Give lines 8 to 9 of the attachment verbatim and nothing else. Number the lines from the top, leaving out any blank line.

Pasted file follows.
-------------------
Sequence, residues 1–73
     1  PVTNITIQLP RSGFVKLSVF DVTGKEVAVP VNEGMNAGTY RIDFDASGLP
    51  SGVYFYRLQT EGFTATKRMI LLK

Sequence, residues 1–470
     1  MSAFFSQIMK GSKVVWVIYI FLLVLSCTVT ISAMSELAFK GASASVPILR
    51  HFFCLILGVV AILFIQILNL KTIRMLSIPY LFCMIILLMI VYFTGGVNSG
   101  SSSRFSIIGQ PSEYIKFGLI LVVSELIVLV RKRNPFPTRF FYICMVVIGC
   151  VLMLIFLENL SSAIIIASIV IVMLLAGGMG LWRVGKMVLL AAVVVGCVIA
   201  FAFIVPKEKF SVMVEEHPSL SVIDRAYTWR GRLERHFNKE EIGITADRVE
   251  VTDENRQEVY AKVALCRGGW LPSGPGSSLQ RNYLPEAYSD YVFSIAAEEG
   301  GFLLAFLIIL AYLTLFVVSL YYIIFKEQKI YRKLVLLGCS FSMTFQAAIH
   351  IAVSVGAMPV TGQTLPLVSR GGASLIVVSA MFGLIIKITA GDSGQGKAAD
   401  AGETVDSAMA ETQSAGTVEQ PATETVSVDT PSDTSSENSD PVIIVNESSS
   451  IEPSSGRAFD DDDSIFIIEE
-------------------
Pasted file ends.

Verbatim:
   151  VLMLIFLENL SSAIIIASIV IVMLLAGGMG LWRVGKMVLL AAVVVGCVIA
   201  FAFIVPKEKF SVMVEEHPSL SVIDRAYTWR GRLERHFNKE EIGITADRVE